4 min read
Attract the clients and projects that fuel your soul.
Sometimes the hardest thing is to take your own advice. Sure, it’s easy to dispense to others, but how often do we step back and evaluate whether we’re walking the walk ourselves?
In this specific case, I’m talking about a piece of advice we’ve been dishing out for years:
Show what you love.
In the beginning, this message was aimed at filmmakers who attended our workshops and conferences. We’d talk about quality vs quantity in the context of portfolios. And by quality, I’m not talking about great work vs shotty work. I’m talking about the quality of the leads it would generate.
But this really applies to everyone with a website.
Filmmakers, sure. But same with tech startups, shoe manufacturers, non-profits changing the world, and pretty much anyone else with a message to share.
Back then, I’d urge people to think of their website as a salesperson. “Is he communicating the right things? Is he sharing the kind of work that’ll hook the right kind of client? If he’s sharing portfolio pieces that are only there to “fill out” the collection, but aren’t really representative of the kind of work you want to be doing in the future, perhaps it’s time to re-evaluate things,” I’d say. “Maybe it’s time to re-train him to be communicating the right things.”
A lot of artists are afraid to have too little work in their portfolio for fear of appearing novice. And sure, having a variety of samples, can help ensure that the prospect considering your services might come across a particular piece of work that they’ll relate personally with, and solidify their interest in you.
But I’ve always argued that it’s much more effective to have fewer, more relevant samples than to have a whole slew of pieces that misrepresent what you really want to offer.
Ask me if we do this ourselves?
Actually, yes. Every single film we have on our site represents the kind of work we love doing, and has proven time and time again to attract the kind of client that appreciates our approach as intentional, strategic storytelling.
But there’s another area where we’ve been failing, and that’s in assuming that prospective clients know exactly what we offer before we have a chance to talk to them. When you come to our website, the first thing you see is films. It’s easy to conclude that we’ve got experience in filmmaking, and that our storytelling process is unique and robust.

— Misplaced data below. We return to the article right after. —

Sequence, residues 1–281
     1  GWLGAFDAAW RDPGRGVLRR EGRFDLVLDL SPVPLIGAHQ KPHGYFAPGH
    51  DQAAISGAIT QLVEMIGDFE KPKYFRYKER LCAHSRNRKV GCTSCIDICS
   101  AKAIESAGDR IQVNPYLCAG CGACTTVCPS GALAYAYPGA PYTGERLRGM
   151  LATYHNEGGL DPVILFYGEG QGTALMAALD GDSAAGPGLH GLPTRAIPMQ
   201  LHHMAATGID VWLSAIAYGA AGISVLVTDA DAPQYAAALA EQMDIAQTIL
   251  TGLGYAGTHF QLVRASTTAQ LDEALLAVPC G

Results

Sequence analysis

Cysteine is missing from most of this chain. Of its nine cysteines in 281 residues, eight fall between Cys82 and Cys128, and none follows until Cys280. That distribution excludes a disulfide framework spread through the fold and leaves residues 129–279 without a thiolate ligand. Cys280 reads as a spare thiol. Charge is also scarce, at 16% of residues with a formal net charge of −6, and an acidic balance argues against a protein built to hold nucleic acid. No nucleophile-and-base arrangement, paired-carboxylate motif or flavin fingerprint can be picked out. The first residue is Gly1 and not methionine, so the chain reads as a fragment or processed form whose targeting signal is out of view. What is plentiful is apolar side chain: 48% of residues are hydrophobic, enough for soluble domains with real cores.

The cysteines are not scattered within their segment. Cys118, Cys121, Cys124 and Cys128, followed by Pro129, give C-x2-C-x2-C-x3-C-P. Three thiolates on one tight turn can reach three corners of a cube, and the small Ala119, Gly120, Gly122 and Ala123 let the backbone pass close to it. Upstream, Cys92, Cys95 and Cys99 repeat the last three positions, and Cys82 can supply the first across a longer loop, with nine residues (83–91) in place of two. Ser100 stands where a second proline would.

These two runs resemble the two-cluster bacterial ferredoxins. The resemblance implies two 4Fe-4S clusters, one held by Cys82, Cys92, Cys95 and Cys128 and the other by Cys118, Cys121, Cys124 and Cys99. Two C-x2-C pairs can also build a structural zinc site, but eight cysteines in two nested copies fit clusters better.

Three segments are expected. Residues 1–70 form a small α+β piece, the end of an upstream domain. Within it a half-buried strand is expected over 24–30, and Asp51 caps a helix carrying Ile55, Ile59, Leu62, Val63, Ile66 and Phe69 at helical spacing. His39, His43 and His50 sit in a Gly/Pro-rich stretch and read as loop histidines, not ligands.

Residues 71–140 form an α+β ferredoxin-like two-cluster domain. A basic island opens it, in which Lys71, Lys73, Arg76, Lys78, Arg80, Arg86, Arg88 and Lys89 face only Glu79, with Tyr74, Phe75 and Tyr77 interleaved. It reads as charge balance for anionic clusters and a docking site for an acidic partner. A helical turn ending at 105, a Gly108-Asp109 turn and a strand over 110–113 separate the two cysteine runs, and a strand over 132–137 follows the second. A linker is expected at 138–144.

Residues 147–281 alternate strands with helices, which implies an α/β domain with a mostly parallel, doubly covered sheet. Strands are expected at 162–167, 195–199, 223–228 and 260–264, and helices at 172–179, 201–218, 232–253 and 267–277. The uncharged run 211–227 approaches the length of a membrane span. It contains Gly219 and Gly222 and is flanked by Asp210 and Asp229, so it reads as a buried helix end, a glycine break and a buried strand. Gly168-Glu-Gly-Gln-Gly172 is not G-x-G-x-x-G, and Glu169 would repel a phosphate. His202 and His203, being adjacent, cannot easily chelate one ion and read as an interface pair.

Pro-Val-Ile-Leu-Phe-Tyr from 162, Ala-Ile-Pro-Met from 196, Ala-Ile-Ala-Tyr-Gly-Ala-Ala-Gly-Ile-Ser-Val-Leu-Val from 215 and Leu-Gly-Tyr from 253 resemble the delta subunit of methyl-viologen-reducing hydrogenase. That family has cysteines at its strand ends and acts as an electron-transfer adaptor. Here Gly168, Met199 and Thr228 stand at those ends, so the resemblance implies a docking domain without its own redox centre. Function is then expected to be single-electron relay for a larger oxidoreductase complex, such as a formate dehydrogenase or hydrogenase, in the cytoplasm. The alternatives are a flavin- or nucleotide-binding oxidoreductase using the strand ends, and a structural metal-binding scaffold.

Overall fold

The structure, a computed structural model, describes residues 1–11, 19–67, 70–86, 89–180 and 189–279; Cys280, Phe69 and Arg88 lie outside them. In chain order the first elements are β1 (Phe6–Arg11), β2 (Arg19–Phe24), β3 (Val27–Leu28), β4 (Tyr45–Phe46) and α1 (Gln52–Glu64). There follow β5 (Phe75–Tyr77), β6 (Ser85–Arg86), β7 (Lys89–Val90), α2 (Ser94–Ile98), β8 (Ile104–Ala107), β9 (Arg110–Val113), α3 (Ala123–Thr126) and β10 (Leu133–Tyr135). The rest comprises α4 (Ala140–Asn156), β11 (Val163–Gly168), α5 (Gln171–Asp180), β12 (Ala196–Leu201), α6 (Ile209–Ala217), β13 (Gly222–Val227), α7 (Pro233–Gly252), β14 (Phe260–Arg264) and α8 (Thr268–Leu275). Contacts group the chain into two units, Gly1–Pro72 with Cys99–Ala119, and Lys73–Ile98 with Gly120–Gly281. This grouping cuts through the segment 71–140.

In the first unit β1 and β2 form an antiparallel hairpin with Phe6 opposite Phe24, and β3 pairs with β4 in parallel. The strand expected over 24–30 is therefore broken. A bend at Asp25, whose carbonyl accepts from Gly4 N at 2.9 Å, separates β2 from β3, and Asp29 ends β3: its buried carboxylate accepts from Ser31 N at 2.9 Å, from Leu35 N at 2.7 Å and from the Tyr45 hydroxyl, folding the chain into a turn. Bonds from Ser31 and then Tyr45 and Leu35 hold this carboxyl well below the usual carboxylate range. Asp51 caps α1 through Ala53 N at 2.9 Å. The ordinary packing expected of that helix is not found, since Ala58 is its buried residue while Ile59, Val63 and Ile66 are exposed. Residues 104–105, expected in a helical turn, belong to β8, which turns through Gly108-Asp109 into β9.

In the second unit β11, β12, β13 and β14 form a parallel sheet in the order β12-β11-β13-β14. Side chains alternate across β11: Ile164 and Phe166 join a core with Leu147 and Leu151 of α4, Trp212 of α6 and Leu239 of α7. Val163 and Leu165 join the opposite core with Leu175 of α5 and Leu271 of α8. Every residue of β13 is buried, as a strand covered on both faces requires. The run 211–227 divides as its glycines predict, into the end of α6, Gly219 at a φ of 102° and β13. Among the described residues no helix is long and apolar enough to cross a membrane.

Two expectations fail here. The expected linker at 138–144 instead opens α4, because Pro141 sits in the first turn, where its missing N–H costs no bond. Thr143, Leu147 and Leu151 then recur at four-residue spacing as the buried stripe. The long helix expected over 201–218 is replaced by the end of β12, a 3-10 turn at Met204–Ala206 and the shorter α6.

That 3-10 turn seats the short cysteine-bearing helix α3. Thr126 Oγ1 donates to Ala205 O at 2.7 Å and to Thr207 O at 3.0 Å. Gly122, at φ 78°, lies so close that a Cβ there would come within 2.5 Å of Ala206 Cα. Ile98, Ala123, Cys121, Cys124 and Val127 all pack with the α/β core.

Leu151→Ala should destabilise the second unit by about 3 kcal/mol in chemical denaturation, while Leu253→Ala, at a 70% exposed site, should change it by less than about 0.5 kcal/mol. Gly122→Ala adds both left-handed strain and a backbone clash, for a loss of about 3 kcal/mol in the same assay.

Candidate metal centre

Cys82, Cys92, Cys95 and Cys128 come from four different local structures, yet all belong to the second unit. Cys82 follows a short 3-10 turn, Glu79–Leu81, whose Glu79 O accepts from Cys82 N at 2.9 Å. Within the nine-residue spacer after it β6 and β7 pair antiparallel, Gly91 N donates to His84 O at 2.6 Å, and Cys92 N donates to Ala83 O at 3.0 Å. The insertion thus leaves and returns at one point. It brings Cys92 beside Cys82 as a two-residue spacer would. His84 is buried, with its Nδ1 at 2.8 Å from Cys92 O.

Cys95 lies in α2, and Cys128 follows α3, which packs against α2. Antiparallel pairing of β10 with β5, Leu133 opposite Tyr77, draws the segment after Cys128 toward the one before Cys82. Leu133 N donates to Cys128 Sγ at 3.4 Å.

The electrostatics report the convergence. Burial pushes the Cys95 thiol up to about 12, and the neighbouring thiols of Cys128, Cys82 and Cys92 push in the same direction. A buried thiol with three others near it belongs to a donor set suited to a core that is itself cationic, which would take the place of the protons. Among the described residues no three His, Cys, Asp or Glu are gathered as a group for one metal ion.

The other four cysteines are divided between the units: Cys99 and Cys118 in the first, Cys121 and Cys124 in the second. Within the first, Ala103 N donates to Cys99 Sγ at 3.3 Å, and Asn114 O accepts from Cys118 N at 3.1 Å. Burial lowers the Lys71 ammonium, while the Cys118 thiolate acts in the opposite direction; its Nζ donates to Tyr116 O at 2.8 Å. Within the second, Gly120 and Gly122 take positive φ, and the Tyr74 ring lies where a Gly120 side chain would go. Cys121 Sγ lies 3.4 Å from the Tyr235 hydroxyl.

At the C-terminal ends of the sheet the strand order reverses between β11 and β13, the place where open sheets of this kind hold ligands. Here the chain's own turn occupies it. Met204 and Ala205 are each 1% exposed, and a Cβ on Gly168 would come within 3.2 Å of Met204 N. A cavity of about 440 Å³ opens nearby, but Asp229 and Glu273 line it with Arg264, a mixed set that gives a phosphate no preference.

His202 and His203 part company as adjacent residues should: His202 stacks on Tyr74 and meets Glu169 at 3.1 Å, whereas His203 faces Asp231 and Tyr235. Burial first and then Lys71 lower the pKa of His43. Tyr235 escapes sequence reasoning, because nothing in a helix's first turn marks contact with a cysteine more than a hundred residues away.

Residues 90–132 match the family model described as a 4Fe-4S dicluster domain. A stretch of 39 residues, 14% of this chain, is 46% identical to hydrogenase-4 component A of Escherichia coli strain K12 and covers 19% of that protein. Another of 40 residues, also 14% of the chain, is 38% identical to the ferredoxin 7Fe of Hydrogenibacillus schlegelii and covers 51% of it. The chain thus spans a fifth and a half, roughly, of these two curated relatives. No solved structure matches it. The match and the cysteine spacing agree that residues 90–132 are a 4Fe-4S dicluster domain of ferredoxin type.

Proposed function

But that’s like A QUARTER of what we actually do—and what we WANT to continue doing more of. While we love creating films, especially ones that are meaningful and can change perceptions and behaviors for the greater good, our biggest passion is in the power of storytelling as a whole.
The art of persuasion and emotional connection is relevant whether you’re in sales, marketing, writing your “about” page, pitching a VC, lobbying for social change, speaking on stage, on-boarding a new recruit, or daily emailing, right down to convincing your spouse to tuck away their cell phone at dinner.
And my biggest passion is in thinking strategically, scientifically, creatively, and collaboratively with a client to come up with the most effective way to communicate their idea, their philosophy, their solution.
Sometimes the output of that thinking yields a film. Sometimes it manifests in tweaks to the brand. Other times, it reveals opportunities to re-align internally and foster a company’s culture in new and important ways.
But how can someone browsing our website possibly know any of this, if we’re not telling them?
I couple of weeks ago, I had a moment of clarity. My team and I had been talking about the kinds of projects that fuel our souls and how we can tweak our storytelling so that more of these opportunities are afforded to us.
And I immediately thought back to that little piece of advice I’d been giving for years: Show what you love. AKA be clear about what you offer.
I realized, we didn’t have anything on our website that explicitly said “here are the ways we can help you.”
So that changed pretty much immediately. We created a “capabilities” page and listed all the services we’d been offering all along without ever really communicating them publicly.
The response was nearly instantaneous.
In the last two days, I sent custom proposals to four new clients who inquired about the newly publicized offerings on our capabilities page:
Story Development & Directing for a company in Fort Worth, a full-day Storytelling Workshop for a company’s sales teams in Portland and Irvine, Message Consulting for a company in Philadelphia, and another little something for a small tech company down in Cupertino.
There’s a great irony in that, I realize. We’re storytellers, and yet, we failed for a good while at communicating the right things to our audience—simply because we didn’t stop to ask ourselves if we were missing something. Until we did. And when we did, the results were hard to argue with.
And so I urge you to do the same. Whatever kind of company you represent, ask yourself, who is my perfect client, and what do I need them to know in order to do more of what I love?
It’s easy to fall into a relaxed state of assumption, that clients will intuitively understand you, just because YOU understand you.
Once again, the power of storytelling prevails. Sometimes the greatest opportunities materialize as a result of telling the story OF the story.
In other words, marketing.